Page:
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CBS Hit With Class-Action Lawsuit Over Letterman Interns

Woman claims she’s owed minimum wage and overtime pay for her stint working for the “Late Show”

The “Late Show With David Letterman” probably won’t be adding this to its Top 10 list of favorite situations.

CBS and Worldwide Pants, the production company behind the “Late Show With David Letterman,” have been slapped with a class-action lawsuit by a woman who claims that she worked as an intern on the show, and was wrongfully denied wages and overtime pay.

Also read: Marvel Entertainment Sued by Unpaid Intern in Class Action Wage Lawsuit

In the suit, filed in the Supreme Court in New York on Thursday, Mallory Musallam says she was employed as a “Late Show” intern from September to December 2008. During her time at the show, the suit says Musallam “typically worked in excess of forty (40) hours per week.” During her time there, the suit adds, Musallam performed various tasks, including but not limited to doing research for interview material, delivering film clips from libraries, running errands, faxing, scanning, operating the switchboard, and other similar duties.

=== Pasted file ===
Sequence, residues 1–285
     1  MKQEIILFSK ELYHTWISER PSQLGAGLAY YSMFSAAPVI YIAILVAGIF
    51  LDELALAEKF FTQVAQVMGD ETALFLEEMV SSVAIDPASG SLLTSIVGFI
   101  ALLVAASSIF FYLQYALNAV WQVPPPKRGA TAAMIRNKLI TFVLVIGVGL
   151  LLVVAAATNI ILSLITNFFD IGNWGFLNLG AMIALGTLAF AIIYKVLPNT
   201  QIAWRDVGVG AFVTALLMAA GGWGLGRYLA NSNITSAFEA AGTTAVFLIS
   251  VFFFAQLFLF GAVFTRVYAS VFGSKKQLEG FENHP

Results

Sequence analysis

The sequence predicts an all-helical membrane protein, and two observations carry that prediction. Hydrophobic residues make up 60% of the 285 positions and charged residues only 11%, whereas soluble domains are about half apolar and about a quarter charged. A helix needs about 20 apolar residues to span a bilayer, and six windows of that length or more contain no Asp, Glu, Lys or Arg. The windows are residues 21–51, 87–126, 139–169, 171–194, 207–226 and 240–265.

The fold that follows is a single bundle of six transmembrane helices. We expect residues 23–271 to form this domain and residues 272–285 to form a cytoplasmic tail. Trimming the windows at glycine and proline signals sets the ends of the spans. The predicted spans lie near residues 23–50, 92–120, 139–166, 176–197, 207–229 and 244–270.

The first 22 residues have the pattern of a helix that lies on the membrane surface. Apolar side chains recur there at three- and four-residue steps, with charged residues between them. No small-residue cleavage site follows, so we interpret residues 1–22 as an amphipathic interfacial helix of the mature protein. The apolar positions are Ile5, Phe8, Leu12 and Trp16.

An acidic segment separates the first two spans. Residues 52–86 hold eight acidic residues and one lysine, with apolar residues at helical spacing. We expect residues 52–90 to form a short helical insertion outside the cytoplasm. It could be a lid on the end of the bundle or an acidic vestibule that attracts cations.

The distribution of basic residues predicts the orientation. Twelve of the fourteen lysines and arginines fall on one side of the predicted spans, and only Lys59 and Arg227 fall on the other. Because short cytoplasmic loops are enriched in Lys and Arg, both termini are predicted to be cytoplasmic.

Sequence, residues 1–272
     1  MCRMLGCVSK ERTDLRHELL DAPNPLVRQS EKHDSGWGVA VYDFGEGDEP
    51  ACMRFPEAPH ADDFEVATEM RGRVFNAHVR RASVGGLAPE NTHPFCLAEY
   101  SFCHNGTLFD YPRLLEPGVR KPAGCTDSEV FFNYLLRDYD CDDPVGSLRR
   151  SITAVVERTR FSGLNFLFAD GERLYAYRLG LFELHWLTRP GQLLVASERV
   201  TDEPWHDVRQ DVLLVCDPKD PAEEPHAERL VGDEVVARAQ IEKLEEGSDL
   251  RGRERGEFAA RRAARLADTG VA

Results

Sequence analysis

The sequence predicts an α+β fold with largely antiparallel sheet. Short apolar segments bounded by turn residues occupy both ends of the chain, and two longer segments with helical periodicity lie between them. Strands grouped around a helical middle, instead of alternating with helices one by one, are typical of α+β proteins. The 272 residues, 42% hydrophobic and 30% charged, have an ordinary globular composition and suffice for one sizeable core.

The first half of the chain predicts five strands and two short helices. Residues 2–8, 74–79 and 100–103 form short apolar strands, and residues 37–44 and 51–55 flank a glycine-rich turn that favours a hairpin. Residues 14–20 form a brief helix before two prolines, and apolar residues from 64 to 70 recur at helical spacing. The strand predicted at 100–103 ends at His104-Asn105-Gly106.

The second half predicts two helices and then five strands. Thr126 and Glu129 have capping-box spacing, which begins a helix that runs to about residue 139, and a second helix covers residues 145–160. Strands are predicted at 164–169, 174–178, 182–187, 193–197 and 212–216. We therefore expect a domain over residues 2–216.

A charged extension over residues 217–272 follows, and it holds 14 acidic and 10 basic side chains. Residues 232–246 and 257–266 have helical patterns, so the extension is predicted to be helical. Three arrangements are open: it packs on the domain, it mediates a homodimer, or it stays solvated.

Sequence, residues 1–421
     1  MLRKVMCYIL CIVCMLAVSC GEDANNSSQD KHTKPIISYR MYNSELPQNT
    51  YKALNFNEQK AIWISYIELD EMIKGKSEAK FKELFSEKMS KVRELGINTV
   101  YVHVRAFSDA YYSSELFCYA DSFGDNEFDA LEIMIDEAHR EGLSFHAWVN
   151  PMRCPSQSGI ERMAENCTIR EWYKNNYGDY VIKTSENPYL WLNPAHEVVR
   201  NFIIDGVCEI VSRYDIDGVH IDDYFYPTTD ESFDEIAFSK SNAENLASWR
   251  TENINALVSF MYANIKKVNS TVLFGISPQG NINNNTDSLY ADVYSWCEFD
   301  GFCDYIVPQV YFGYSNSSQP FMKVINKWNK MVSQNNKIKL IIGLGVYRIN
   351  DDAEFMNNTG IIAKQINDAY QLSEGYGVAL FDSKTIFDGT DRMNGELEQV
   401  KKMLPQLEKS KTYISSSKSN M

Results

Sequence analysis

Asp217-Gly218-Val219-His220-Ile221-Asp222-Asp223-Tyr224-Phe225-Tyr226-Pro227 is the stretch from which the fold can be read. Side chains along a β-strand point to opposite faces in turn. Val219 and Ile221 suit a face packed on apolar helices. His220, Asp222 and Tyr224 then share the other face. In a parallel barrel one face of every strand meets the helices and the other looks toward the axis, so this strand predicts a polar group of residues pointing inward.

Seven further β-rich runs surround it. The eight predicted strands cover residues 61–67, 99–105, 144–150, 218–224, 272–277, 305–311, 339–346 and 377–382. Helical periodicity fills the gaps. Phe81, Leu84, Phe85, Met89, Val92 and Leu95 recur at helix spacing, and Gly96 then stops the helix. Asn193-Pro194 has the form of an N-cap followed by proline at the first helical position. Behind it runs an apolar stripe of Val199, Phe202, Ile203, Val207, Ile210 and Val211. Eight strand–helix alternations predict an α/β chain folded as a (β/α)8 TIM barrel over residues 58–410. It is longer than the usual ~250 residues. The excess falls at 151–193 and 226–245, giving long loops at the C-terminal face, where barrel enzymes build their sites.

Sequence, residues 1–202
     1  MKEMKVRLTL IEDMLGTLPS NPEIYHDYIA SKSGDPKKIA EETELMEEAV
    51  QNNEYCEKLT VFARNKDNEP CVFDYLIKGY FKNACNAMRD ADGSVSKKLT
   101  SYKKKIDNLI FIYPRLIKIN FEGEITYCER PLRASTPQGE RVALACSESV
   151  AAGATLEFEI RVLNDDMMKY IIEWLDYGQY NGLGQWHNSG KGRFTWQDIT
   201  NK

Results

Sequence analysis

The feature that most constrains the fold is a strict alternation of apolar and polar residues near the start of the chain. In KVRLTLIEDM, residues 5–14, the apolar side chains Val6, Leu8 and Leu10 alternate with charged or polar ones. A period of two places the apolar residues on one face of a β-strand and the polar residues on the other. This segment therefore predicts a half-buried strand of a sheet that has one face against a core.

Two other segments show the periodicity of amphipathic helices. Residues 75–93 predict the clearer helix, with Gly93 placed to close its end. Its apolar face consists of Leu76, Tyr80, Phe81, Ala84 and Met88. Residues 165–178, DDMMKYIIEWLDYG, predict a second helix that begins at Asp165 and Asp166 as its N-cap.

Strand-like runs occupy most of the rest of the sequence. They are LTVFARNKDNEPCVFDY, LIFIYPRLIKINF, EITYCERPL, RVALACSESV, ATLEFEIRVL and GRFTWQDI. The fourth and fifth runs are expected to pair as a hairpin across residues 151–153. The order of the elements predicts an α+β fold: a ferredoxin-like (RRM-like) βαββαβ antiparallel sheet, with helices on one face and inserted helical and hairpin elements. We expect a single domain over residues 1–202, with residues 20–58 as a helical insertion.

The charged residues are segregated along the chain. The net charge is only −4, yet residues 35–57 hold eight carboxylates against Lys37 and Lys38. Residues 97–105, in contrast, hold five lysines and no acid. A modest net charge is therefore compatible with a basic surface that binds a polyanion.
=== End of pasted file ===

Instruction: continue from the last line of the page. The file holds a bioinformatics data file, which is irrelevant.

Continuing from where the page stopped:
Unfortunately, the suit claims, “Defendants have maintained a policy and practice of wrongfully classifying Named Plaintiffs and others similarly situated that worked on ‘The Late Show With David Letterman‘ as exempt from minimum wages and overtime compensation.”

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CBS says it plans to “vigorously defend against the claims” in the lawsuit.

“This lawsuit is part of a nationwide trend of class action lawyers attacking internship opportunities provided by companies in the media and entertainment industry,” the network told TheWrap in a statement Monday. “We pride ourselves on providing valuable internship experiences, and we take seriously all of our obligations under relevant labor and employment laws.¬†We intend to vigorously defend against the claims.”

The suit seeks “to recover unpaid minimum wages and overtime compensation owed to Named Plaintiff and all similarly situated persons,” a group that the lawsuit claims “is believed to be in excess of 100 individuals.”

Pamela Chelin contributed to this report.